The priest behind the screen

Oddly enough, some of the best TV shows about clergy come from secular Europe.
September 23, 2022
Broken's Father Michael Kerrigan, played by Sean Bean (BBC One)

This year marks the 25th anniversary of what was at the time a daring experiment in putting religion on television: the sadly short-lived ABC series Nothing Sacred (1997–1998). This was a smart depiction of a Chicago Catholic priest, Francis Xavier “Ray” Reyneaux, played by Kevin Anderson, who must confront so many issues familiar to clergy: debates over women’s ordination, the presence of undocumented immigrants, and the general stresses of keeping the parish ministries going day by day.

The show gave an excellent sense of contemporary Catholic realities, in a way that many other efforts conspicuously did not, both then and now. (The show’s creator, Bill Cain, was himself a Jesuit priest). Father Ray emerged as an upstanding and even heroic figure, one clearly on the liberal end of the spectrum—and his stubborn resistance to his superiors made the series deeply controversial for conservatives. In retrospect, however, any such show that might be made today would have little option but to deal with far more explosive issues, especially child abuse by clergy. Looking back at Nothing Sacred today seems to take us to the Elysian days before the Fall.

Clergy, of course, turn up in any number of fictional television shows. (You may recall the “hot priest” in Phoebe Waller-Bridge’s much lauded series Fleabag.) But has any other show explored clerical issues as knowledgeably and sympathetically as Nothing Sacred? I make no claim to comprehensive knowledge here, but several examples do stand out. I think of three in particular—interesting, all from European countries generally regarded as quite secular.

The first is the Danish Herrens Vehe (2017–18), literally “The Ways of the Lord” but shown in the US under the title Ride Upon the Storm (see “Tempestuous faith on Danish TV,” Sept. 25, 2019). The show portrayed a clerical dynasty in Denmark’s established Lutheran church, which operates as an arm of the state, in a legal and political situation that will startle American viewers. Throughout, the clerical family must navigate dilemmas of faith and loyalty, to determine whether they are in fact anything other than civil servants in weird clothes.

American viewers are likely to identify far more readily with British shows, not just because of the language but because the situations they depict are more recognizable. One is Rev. (2010–2014), and available in the US on Britbox. The Rev. in question is Adam Smallbone, who moves from a bucolic country parish to the gritty and impoverished setting of East London. (Adam is played by Tom Hollander, and his wife by the wonderful Olivia Colman). The established Anglican church in the city is depicted as almost pathetically weak, in an environment where most of the lived religious activity is Muslim rather than Christian. Anglican newcomers from Africa and the Caribbean provide a welcome injection of Christian fervor.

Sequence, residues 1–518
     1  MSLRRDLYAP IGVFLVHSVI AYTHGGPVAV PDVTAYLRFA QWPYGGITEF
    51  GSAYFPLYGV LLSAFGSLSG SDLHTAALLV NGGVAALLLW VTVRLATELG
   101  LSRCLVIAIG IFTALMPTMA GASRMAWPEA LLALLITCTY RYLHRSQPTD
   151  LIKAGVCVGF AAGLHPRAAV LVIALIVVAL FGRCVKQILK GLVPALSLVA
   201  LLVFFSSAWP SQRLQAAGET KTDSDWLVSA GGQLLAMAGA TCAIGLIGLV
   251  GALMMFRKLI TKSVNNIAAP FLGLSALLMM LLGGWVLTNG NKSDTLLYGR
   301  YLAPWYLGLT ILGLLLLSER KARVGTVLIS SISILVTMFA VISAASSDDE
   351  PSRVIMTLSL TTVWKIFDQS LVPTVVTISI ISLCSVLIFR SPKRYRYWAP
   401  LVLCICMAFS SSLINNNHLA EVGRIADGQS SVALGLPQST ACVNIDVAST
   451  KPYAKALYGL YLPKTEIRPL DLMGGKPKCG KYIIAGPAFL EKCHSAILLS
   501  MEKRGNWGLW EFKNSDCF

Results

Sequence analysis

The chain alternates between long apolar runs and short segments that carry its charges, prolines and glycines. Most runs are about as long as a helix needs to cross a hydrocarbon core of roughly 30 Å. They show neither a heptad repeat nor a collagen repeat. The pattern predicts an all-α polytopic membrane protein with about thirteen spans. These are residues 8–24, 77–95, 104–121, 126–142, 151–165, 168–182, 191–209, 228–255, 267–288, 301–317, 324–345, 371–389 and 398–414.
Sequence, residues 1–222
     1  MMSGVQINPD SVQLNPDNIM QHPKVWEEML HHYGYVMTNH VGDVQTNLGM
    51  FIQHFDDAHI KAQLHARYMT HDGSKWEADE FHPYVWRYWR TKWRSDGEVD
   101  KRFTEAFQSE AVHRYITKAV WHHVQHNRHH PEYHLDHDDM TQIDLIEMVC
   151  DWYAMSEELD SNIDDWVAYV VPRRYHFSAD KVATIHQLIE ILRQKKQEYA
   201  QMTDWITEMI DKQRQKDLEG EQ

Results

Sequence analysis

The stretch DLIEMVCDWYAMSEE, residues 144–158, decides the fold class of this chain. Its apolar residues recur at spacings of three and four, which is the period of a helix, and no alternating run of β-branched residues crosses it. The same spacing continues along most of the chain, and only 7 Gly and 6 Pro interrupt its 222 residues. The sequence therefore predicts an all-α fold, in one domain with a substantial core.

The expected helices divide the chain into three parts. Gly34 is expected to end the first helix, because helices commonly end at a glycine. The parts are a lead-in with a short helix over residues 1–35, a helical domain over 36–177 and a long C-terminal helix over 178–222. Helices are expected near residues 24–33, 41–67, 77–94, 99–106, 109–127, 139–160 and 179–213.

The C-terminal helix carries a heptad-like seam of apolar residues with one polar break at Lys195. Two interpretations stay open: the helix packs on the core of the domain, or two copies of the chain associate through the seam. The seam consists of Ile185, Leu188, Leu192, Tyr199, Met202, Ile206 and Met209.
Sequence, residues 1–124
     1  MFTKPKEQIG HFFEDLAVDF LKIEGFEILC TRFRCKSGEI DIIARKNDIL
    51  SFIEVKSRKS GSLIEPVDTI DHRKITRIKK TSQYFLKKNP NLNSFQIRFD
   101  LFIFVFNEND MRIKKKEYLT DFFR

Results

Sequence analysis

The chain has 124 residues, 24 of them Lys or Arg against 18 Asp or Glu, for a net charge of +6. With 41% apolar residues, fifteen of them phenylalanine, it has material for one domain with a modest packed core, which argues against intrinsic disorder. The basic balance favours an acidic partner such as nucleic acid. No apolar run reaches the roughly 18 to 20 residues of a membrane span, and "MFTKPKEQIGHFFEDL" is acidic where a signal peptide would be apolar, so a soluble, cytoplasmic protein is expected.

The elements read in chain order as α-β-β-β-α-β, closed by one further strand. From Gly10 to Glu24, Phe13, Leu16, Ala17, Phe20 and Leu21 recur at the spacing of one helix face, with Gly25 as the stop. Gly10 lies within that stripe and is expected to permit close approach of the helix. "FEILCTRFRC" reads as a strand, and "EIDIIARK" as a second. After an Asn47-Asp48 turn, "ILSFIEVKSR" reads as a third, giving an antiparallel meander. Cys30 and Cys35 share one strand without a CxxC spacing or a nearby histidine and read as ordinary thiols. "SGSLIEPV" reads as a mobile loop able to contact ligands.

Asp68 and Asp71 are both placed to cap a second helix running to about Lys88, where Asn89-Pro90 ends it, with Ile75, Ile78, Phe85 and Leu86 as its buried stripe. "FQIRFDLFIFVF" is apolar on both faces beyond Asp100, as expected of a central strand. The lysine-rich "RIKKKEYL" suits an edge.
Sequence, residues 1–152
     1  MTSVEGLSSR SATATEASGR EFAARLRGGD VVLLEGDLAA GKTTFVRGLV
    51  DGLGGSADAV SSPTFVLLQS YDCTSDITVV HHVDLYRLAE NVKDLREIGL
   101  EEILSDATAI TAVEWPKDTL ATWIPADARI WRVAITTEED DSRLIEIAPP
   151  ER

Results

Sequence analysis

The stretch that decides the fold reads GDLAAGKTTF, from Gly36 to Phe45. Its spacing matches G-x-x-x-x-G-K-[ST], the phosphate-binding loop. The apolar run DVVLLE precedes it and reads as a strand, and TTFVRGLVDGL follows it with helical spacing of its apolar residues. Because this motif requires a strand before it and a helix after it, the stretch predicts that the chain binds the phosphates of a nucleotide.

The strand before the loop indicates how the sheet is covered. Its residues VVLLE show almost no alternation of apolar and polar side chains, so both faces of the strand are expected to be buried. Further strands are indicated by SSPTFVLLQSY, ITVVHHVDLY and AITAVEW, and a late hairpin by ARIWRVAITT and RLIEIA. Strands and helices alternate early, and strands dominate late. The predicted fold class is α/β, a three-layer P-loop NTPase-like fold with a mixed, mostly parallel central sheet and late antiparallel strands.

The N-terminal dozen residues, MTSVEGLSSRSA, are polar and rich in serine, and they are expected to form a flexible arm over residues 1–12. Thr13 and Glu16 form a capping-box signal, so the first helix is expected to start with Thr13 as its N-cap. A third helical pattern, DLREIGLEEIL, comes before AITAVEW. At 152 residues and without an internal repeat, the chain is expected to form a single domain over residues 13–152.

The struggle to maintain a depopulated inner-city parish, with its venerable church building, will resonate with American Catholics, especially those attached to older, ethnic-based congregations. Among Rev.’s many well-drawn characters, I would single out the two diocesan bureaucrats who are reviewing all the urban parishes with the goal of selling off the real estate at a vast profit. They rarely succeed in concealing their greedy aims behind a mask of pastoral concern.

However dark at times, Rev. was undoubtedly a comedy. Far more serious was another show I would rank very highly, one which in many ways speaks directly to the memory of Nothing Sacred. In 2017, the miniseries Broken, also available on Britbox, portrayed a Catholic priest in a tough, poor urban parish in England’s Merseyside. The priest, Michael Kerrigan (Sean Bean), faces an accumulating series of crises that seem inevitably bound to destroy his ministry.

It would be easy, but misleading, to make Broken sound predictable and clichéd. Yes, one major plotline involves Kerrigan hearing the confession of a woman who is planning suicide: Can he break his vow of secrecy to help stop her? Surely, Alfred Hitchcock dealt with the dramatic potential of such situations quite thoroughly back in I Confess (1953). But this subject is magnificently handled in Broken. So are other themes that reflect Kerrigan’s struggles with the extreme poverty of his congregation. This is a world so poor that a family chooses to conceal the death of an elderly mother in order to keep her pension and welfare benefits coming in. The community is also violen, and torn by racism. A devout Catholic police officer faces real agony before he can stir up the courage to tell the truth about a lethal act of police violence, even though that will mean exposing the crimes of his closest colleagues and effectively ending his own career.

But no simple sketch of plot motifs gives any sense of the real qualities of Broken. Sean Bean gives a superb performance as a priest whose own vocation is hanging by a thread. More to the point, the series treats spiritual dimensions very seriously, much as Nothing Sacred did two decades before. At one point, another priest assures Kerrigan that he can find other resources for the problems he faces. Like what?, asks Kerrigan, hopefully, only to be told, “prayer.” Kerrigan then asks, bitterly, “Oh, is that all?” before realizing the total betrayal that he is thus offering of all the assumptions on which his life and his career are based. Although miracles and shining angels are conspicuous by their absence in Broken, it still represents a world in which spirituality really matters, even for the most troubled parish priests. So does prayer.